Can dry shampoo cause hair loss?

21/09/2015

Young woman looking at her hair isolated over white

Unfortunately the answer to that question appears to be yes. It can not only cause hair loss but it can also leave your scalp sore and irritated and trigger dandruff. Dry shampoo can be great if it is used in the right way but specialists feel it should be used with care and moderation in order to get its true benefits. Users seeing the symptoms stated above often do not link the problem with the shampoo they are using – so let’s take a closer look.

Using dry shamppo for the quick wash and go

Dry shampoo surprisingly has been around for some time. It was originally used in Victorian times when arrowroot was sprinkled on the hair to absorb the grease and create that look that modern users are looking for now: an extra bounce while looking clean, silky and smooth. The main attraction of dry shampoo is it can be applied in an instant and in the pressurised 21st century its presence for many rushing from work to a social life it is almost essential.

Hair stylists give their verdicts

Many high profile hairdressers have given their verdicts. Lee Stafford (whose clients include Billie Piper and model Agyness Deyn) agrees it is very effective but says that it was never designed to be used on a regular basis. Iain Sallis, a trichologist at the Farjo Hair Institute in Manchester commented to the Mail Online that its name was actually a misnomer as it wasn’t a shampoo at all. It works by depositing a talc on the scalp which absorbs the oil.

He said “It coats the hair rather than making it clean, which means that the microbes which feed on the moisture in the scalp will still be there. For people prone to dandruff or dermatitis, the scalp will become flaky to get rid of the irritation. And by its nature, it’s a gritty product, which will cause friction on the skin. That can make the scalp sore over time, especially if it’s not washed out.”

Moderating use

Ian recommends that dry shampoo is used just once a week when in a rush – but no more than that. It is really about thinking of it as a styling tool rather than a quick easy way to wash your hair – which it isn’t. By just using dry shampoo instead of washing your hair regularly you are actually adding extra foreign bodies to the skalp and hair. If these are not washed away properly it is obvious they are going to cause irritation and damage.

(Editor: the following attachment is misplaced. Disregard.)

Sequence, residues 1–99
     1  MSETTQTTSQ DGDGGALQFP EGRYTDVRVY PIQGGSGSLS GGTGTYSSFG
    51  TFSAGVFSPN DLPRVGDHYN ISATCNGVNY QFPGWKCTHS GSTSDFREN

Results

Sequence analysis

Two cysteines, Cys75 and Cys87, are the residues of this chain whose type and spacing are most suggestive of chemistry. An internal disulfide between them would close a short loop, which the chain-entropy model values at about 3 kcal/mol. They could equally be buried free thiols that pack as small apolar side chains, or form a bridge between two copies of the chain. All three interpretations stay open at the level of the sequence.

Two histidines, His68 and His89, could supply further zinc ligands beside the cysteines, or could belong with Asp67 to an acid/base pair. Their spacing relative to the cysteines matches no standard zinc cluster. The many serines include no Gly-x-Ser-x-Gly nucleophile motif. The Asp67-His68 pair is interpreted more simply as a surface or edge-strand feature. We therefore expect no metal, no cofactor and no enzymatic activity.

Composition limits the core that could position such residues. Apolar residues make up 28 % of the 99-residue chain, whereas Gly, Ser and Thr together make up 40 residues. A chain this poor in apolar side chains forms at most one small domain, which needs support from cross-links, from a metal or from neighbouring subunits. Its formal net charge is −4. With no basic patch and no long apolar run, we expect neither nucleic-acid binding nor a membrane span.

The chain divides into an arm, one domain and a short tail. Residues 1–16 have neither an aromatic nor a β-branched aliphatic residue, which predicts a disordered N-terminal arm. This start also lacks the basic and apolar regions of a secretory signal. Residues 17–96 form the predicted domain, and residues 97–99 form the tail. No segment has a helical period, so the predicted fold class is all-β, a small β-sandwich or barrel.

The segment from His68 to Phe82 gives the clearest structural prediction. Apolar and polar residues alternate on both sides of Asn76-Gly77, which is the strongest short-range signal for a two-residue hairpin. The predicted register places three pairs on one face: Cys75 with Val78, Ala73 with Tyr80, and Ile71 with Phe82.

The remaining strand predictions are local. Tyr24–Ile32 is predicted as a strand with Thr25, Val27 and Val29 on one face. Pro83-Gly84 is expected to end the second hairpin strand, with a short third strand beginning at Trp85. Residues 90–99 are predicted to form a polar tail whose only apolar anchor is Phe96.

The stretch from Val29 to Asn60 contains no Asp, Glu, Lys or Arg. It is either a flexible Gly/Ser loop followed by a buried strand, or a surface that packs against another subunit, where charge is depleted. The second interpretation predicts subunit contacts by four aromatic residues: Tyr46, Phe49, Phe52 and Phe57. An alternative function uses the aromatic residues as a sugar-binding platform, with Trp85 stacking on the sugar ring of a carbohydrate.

Hair loss which is a result of using dry shampoo too much often occurs because it triggers a greater fall of hair in the shedding cycle. Any hair loss is reversible once you start moderating how you use dry shampoos – and giving your hair some real attention and respect in the long run may well be a real good thing.

Scalp™ Micro Pigmentation cares for you and your hair. To find out more about Micro Pigmentation click here[:it]Unfortunately the answer to that question appears to be yes. It can not only cause hair loss but it can also leave your scalp sore and irritated and trigger dandruff. Dry shampoo can be great if it is used in the right way but specialists feel it should be used with care and moderation in order to get its true benefits. Users seeing the symptoms stated above often do not link the problem with the shampoo they are using – so let’s take a closer look.

Using dry shamppo for the quick wash and go

Dry shampoo surprisingly has been around for some time. It was originally used in Victorian times when arrowroot was sprinkled on the hair to absorb the grease and create that look that modern users are looking for now: an extra bounce while looking clean, silky and smooth. The main attraction of dry shampoo is it can be applied in an instant and in the pressurised 21st century its presence for many rushing from work to a social life it is almost essential.

Hair stylists give their verdicts

Many high profile hairdressers have given their verdicts. Lee Stafford (whose clients include Billie Piper and model Agyness Deyn) agrees it is very effective but says that it was never designed to be used on a regular basis. Iain Sallis, a trichologist at the Farjo Hair Institute in Manchester commented to the Mail Online that its name was actually a misnomer as it wasn’t a shampoo at all. It works by depositing a talc on the scalp which absorbs the oil.

He said “It coats the hair rather than making it clean, which means that the microbes which feed on the moisture in the scalp will still be there. For people prone to dandruff or dermatitis, the scalp will become flaky to get rid of the irritation. And by its nature, it’s a gritty product, which will cause friction on the skin. That can make the scalp sore over time, especially if it’s not washed out.”

Moderating use

Ian recommends that dry shampoo is used just once a week when in a rush – but no more than that. It is really about thinking of it as a styling tool rather than a quick easy way to wash your hair – which it isn’t. By just using dry shampoo instead of washing your hair regularly you are actually adding extra foreign bodies to the skalp and hair. If these are not washed away properly it is obvious they are going to cause irritation and damage.

Hair loss which is a result of using dry shampoo too much often occurs because it triggers a greater fall of hair in the shedding cycle. Any hair loss is reversible once you start moderating how you use dry shampoos – and giving your hair some real attention and respect in the long run may well be a real good thing.

Scalp™ Micro Pigmentation cares for you and your hair. To find out more about Micro Pigmentation click here

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